Denmark[edit]

Name Other names Location Age (Carbon-14 Dating) Sex Year discovered Image Description
Arden Woman Bredmose Woman Himmerland 1400 BCE Female 1942 Hair of the Arden Woman The Arden Woman was found in the Bredmose bog in the Parish of Store Arden, Hindsted, Denmark. Police said the corpse was found in a 'question mark' shape. After the remains were completely unearthed they were moved into a nearby barn. Her hair was dark blond and was drawn into two pigtails and coiled around the top of her head. Over the hair was a bonnet, which was made using a sprang technique. Unlike some bog bodies, she was found with other garments. She was around the age of 20–25 years old. No signs of violence were found on her body.[42] The body remains at the National Museum of Copenhagen.[43]
Auning Woman Midtjylland 0 CE Female 1886 She was found with several wool and skin garments. Because she was found with several sticks on top of the body, it may have been possible that she had been pinned down in the bog to keep her remains from surfacing.[42]
Borremose Man Borre Fen Man Himmerland 700 BCE Male 1946 The man was violently killed by having his skull crushed and his leg broken. A rope was also found around his neck, indicating death by hanging or strangulation.[44][45] Examination of bog bodies such as Cashel Man, scientists have speculated that wounds such as broken bones may have occurred after death by the weight of the peat.[46] The body is in storage at the National Museum of Copenhagen.[44]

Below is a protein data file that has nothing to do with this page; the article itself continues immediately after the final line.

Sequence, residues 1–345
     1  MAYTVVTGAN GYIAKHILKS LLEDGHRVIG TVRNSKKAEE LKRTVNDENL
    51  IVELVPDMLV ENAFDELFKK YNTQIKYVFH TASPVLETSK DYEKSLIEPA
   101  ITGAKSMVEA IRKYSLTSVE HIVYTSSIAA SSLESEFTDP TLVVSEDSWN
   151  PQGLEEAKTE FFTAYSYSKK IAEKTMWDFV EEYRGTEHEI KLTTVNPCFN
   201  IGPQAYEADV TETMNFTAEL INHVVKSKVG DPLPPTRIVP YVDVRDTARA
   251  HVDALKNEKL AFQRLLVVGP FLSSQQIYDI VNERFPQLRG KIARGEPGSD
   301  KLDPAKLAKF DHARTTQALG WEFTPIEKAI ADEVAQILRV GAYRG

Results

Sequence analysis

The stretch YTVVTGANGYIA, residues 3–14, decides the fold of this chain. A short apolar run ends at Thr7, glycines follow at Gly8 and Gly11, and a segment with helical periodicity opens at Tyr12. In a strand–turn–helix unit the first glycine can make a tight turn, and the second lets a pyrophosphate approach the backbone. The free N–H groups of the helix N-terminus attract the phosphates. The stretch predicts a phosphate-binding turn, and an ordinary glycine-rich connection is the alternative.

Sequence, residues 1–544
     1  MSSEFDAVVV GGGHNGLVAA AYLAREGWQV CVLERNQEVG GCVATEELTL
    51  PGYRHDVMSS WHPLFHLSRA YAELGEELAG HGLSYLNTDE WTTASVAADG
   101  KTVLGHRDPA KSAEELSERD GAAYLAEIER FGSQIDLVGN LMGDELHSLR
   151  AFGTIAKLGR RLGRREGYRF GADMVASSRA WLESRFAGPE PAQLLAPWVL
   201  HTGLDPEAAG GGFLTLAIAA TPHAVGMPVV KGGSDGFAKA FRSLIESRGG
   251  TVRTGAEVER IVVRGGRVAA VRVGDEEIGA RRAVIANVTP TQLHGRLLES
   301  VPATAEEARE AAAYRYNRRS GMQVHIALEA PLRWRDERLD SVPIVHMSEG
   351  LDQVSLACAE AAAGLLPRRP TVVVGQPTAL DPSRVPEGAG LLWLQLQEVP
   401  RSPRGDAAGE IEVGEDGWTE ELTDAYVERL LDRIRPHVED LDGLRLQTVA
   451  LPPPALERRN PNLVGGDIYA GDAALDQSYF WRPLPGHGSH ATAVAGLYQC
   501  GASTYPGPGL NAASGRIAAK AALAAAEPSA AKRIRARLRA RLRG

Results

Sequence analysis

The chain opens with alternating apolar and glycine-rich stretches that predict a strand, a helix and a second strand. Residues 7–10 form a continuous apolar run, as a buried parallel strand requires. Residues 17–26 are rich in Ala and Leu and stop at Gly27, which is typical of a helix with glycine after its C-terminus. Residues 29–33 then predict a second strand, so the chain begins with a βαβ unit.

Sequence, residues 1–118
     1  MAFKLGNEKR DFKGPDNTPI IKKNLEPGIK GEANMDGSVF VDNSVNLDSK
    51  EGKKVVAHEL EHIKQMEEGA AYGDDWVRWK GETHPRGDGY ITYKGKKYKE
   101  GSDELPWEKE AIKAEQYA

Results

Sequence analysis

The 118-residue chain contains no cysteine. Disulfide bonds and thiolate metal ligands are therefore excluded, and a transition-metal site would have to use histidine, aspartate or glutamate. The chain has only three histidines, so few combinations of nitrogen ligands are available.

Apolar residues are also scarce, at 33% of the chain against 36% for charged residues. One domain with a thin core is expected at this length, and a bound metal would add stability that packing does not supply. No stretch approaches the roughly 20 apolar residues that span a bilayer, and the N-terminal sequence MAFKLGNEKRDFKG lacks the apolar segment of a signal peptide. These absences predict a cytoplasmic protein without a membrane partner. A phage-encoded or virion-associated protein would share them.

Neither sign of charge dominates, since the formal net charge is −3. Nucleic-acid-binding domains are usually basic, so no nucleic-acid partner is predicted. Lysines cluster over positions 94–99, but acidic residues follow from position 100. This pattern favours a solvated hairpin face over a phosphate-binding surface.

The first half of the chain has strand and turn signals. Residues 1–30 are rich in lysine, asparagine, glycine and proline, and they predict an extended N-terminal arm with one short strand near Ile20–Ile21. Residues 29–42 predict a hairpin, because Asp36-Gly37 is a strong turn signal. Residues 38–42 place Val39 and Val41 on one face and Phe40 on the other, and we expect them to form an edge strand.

Borremose II Himmerland 400 BCE Presumed Female 1947 The bog body was lying face down in two feet deep on a base of birch bark. In the immediate vicinity were birch branches, directly on the body of three approximately 10 centimeters long birch poles of the same thickness. The skull was fractured and the brain was visible. The right leg was 10 inches below the knee broken, which was because of the weight of peat on the body.[47] The body was naked, but the lower body and legs were covered with a cloak made of a four layered twill fabric and a fringed shawl. These two articles of clothing are now on display at the National Museum of Denmark in Copenhagen. It is uncertain if the body had been clothed at the time it had been deposited, because the clothing from plant materials such as flax fibers can be passed in the acidic peat. In addition, there were other objects found with her: half a clay pot on the knees of the corpse, and half a humerus and a half radius of a human infant beside her. Around the neck of the bog body was a leather belt with an amber bead and a brass disk 22-23 millimeters in diameter.[45]